These actual ads could have you racing to your local car dealership and paying more than you expect for your favorite model:
- “$1 gets you out of your current loan or lease!”
- “Max your tax! We’ll match your refund!”
- “$19 down delivers or just pay $269 per month!”
Put the brakes on those deals and check out the details before the deceit you detect is visible only in your new car’s rearview mirror.
The Federal Trade Commission, trying to curb deceptive ads, recently took a Texas car dealer to task for misleading consumers with enticing prices and terms while hiding crucial cost-revving information. The dealer, which placed the ads in newspapers, ran them on television and posted them on its website, Facebook and Twitter, admitted no wrongdoing but agreed to end deceptive advertising practices or face future fines.
“I don’t know about you, but I’m concerned when businesses don’t play by the rules,” wrote Colleen Tressler, an FTC consumer education specialist, in an agency blog about the deceptive ads. “Consumers can’t comparison shop effectively if the information they rely on isn’t the truth, and competition is harmed when a business lures consumers away from its competitors under false pretenses.”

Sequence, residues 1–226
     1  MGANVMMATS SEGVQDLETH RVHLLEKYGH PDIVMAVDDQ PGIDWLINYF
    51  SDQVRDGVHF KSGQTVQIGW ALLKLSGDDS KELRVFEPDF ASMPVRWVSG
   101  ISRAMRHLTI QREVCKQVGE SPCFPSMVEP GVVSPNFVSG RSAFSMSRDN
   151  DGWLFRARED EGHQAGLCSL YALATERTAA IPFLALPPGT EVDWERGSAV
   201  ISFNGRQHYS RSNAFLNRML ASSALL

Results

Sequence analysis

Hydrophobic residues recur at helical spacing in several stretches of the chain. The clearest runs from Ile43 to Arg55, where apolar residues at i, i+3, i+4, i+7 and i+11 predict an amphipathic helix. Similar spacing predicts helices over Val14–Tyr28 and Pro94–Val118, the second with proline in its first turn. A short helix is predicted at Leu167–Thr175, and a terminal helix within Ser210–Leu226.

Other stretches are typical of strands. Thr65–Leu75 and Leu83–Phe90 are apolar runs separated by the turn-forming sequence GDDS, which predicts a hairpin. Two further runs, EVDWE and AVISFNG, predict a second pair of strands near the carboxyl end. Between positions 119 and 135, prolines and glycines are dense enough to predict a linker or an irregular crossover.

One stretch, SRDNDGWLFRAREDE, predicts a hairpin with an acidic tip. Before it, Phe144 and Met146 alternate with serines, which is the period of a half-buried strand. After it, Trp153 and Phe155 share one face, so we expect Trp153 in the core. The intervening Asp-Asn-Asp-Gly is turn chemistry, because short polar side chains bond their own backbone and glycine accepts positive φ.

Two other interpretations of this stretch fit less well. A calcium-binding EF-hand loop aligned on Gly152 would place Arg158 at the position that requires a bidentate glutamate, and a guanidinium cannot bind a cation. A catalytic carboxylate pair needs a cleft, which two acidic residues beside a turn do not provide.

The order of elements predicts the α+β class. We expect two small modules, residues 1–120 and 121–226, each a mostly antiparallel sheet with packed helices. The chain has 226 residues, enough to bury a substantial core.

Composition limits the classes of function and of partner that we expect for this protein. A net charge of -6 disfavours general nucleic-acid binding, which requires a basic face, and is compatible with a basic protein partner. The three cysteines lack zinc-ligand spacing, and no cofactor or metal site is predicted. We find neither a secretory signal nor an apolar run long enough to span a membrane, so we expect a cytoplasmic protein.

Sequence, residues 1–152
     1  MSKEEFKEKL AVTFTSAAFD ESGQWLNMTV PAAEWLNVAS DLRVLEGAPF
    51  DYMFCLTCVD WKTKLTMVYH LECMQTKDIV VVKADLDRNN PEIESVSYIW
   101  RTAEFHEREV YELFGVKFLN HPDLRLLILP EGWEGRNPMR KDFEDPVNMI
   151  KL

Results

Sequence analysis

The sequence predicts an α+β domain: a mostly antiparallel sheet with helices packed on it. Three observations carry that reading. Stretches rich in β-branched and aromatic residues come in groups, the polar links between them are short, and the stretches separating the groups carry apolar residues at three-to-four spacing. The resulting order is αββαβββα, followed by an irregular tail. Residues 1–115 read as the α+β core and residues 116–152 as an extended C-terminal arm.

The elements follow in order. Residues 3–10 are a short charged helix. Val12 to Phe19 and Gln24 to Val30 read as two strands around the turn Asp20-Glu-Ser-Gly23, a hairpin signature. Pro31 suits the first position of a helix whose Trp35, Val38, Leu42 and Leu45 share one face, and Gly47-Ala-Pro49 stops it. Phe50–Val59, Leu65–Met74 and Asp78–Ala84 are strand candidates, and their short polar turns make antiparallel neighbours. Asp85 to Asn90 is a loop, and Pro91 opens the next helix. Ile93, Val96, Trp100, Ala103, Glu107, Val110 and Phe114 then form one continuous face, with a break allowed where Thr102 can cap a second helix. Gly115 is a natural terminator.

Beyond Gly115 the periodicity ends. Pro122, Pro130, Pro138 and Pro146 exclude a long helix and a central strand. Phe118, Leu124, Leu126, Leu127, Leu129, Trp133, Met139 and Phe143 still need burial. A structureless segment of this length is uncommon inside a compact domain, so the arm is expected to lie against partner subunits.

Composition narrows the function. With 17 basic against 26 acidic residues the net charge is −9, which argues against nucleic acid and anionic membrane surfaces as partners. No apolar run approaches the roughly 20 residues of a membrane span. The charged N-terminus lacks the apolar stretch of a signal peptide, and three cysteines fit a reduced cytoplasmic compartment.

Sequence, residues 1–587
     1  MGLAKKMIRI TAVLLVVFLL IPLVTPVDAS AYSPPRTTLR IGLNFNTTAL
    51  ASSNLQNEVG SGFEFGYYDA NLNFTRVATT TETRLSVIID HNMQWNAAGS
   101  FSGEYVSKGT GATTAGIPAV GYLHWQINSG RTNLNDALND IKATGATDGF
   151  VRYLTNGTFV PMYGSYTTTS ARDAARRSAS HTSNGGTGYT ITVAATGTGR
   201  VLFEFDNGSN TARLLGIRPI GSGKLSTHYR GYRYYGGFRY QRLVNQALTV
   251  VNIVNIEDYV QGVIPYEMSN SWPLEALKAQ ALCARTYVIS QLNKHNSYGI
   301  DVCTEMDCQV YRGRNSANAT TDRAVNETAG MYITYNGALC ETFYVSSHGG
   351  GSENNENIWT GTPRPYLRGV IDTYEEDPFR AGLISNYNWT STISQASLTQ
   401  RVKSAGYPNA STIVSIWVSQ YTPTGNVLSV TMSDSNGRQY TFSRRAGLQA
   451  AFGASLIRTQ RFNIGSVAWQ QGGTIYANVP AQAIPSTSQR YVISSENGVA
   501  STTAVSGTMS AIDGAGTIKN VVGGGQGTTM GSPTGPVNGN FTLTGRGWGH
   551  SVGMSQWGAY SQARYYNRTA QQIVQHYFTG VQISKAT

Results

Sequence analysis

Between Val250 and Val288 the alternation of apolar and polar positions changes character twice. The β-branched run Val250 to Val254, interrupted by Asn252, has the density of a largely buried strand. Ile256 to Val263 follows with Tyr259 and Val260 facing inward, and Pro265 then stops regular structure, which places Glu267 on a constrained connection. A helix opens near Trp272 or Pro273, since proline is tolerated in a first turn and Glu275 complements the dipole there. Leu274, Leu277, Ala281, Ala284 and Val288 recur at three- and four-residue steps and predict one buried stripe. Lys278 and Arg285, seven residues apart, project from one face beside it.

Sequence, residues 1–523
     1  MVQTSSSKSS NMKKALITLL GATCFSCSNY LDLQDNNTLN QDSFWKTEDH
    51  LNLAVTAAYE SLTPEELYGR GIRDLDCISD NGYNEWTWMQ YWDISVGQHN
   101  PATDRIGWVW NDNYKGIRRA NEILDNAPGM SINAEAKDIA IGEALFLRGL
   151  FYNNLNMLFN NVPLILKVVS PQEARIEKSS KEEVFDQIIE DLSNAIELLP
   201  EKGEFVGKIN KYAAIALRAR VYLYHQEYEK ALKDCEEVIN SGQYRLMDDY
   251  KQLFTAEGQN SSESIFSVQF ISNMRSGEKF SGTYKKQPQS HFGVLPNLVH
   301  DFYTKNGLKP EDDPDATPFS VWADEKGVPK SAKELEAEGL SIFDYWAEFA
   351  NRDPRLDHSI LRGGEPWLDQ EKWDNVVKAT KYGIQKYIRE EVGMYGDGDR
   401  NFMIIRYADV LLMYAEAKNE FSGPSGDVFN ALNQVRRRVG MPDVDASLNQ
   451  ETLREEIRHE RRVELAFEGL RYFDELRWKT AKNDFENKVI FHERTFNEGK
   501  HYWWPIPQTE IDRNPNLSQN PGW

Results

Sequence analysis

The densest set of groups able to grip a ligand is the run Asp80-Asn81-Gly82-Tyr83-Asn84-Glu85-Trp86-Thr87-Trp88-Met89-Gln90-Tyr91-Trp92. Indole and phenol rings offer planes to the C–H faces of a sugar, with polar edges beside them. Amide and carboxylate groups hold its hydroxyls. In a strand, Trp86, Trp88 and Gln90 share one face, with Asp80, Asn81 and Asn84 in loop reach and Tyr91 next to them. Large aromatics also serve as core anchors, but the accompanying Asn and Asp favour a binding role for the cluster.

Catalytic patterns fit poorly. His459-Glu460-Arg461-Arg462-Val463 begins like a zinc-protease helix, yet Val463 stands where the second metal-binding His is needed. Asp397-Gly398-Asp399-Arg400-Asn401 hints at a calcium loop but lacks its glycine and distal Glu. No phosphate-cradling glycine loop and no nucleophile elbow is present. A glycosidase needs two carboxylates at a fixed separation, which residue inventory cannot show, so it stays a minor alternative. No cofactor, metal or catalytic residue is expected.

The FTC limits claims dealers can make to get you to part with your dollars.
Acknowledging what it called “intense scrutiny” of dealers by the FTC, the National Automobile Dealers Association last month issued a booklet, “Driven: A Dealer Guide to Federal Advertising Requirements.” Intended for dealers, but illuminating for consumers, you can check it out here. The guide provides examples of bad and good ads and chapters on 41 federal advertising topics. The association also warns dealers to check state regulations on advertising practices.
On the following pages, we’ll show you what’s wrong with the examples above and give you more tips from the FTC, the dealers’ association and others to help you avoid rip-offs through deceptive car ads.